Denis Leary and autism: Apology accepted, but not enough
After Denis Leary's apology for the comments he made about autistic children in his book, "Why We Suck: A Feel-Good Guide to Staying Fat, Loud, Lazy and Stupid," autism activists say they have called off a nationwide protest but say they want a percentage of the proceeds of his book to go to help children diagnosed with autism -- either that, or deletion of the offending chapter. That chapter contains the following comments:
"There is a huge boom in autism right now because inattentive mothers and competitive dads want an explanation for why their dumb-ass kids can't compete academically, so they throw money into the happy laps of shrinks . . . to get back diagnoses that help explain away the deficiencies of their junior morons. I don't give a [bleep] what these crackerjack whack jobs tell you -- yer kid is NOT autistic. He's just stupid. Or lazy. Or both."
Autism United's statement today included the following:
"Autism United acknowledges Denis Leary for his belated apology for the harm done by his statements about people with autism and their families made in his recently published book, "Why We Suck."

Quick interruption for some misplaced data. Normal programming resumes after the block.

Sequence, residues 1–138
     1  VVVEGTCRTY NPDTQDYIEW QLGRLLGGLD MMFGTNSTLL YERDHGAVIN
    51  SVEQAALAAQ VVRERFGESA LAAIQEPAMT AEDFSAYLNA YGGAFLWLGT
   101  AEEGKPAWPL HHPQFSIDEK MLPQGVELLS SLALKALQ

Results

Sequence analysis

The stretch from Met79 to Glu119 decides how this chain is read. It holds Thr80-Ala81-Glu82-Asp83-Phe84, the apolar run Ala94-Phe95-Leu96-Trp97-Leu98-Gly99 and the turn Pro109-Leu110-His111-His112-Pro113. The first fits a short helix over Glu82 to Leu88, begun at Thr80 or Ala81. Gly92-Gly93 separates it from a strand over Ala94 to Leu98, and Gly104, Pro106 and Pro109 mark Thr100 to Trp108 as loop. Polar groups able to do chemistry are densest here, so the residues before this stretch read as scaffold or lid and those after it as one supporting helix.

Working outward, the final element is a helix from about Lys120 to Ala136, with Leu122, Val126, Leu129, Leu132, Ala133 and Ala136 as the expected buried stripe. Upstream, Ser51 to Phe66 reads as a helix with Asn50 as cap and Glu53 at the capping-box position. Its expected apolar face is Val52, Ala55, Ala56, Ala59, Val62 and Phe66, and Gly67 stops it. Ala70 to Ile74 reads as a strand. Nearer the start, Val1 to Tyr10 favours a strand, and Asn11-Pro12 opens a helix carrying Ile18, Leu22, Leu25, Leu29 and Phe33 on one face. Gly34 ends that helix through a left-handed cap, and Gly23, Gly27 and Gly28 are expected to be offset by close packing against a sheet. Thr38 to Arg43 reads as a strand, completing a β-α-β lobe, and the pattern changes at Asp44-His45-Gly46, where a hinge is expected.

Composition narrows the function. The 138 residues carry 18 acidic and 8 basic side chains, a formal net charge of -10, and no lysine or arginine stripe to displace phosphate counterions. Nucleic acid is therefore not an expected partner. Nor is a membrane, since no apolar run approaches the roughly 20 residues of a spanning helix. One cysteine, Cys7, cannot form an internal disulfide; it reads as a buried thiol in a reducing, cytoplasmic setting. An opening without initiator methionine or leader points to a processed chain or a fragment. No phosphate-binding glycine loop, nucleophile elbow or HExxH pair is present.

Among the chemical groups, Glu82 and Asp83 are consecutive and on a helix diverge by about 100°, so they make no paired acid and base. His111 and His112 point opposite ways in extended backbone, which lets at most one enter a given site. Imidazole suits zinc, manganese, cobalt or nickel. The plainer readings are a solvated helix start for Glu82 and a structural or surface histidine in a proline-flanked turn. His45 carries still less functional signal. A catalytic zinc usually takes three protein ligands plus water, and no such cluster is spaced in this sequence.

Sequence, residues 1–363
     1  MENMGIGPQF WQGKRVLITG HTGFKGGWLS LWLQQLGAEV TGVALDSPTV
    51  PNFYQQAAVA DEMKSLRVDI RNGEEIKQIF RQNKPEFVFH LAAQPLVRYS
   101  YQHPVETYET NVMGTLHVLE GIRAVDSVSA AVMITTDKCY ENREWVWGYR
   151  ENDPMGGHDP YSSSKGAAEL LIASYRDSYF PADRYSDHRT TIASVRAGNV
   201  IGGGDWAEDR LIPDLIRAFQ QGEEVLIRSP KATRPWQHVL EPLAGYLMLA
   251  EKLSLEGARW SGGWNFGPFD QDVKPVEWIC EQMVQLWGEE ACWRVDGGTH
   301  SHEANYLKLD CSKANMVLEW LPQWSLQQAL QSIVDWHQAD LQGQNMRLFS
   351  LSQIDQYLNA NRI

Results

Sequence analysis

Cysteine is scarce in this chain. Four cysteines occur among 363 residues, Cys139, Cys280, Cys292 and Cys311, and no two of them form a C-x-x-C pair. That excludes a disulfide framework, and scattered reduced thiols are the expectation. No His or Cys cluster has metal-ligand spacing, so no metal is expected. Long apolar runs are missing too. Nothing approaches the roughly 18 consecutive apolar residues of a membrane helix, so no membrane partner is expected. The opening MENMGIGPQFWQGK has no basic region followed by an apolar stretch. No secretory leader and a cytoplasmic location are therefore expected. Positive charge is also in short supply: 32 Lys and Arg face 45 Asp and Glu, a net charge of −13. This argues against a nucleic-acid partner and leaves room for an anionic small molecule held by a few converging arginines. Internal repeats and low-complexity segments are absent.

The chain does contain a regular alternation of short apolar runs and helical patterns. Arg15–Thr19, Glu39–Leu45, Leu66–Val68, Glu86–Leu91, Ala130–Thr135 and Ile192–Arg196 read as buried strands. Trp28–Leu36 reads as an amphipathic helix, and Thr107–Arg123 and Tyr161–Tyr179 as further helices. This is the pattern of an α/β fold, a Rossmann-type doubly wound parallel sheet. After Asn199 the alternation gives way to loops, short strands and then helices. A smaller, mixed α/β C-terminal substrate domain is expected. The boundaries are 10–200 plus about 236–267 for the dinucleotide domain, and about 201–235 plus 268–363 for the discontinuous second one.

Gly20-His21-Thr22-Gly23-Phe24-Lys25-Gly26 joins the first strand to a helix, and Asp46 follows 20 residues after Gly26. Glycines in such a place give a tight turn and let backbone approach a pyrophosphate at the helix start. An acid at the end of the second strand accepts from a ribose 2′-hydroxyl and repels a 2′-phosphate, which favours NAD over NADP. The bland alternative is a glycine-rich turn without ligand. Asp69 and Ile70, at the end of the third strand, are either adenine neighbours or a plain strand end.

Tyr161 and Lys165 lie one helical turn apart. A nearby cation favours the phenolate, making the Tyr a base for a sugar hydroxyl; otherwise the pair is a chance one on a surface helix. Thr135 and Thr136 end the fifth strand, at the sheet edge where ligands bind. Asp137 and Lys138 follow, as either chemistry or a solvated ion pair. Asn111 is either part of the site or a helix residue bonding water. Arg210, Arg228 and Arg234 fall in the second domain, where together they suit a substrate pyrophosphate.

"I feel that Denis' apology was enough," said comedian Mark Anthony Ramirez, a spokesman for Autism United and Gabby's Kids, and the father of a child diagnosed on the autistic spectrum. "But his claim that his comments were taken out of context is a veiled attempt to elicit more sales."
"As a parent of a child with autism, I feel he owes the autism community the money he is making for using what has quickly become an epidemic in our country as a cheap ploy to sell his book," said Ramirez. "He should donate a portion of his sales to assist children with autism."
Leary's comments offended many parents of children with autism. A blog by Lisa Jo Rudy asks if people aren't playing into Leary's hands by giving him publicity. "Today, Leary is front page news, and Jenny McCarthy is quoted as saying --in US Magazine-- 'Whoo! First of all, let me tell you, the autism community has received probably 10,000 e-mails [saying] "Go kill him! Go yell at him!" ' Go KILL him? Assuming that Jenny is telling even half the truth, there are tens of thousands of autism-related families out there thinking about Leary, writing about Leary, and caring about Leary to the point where they're actually writing letters to ask for his demise. Wow."
-- Rosie Mestel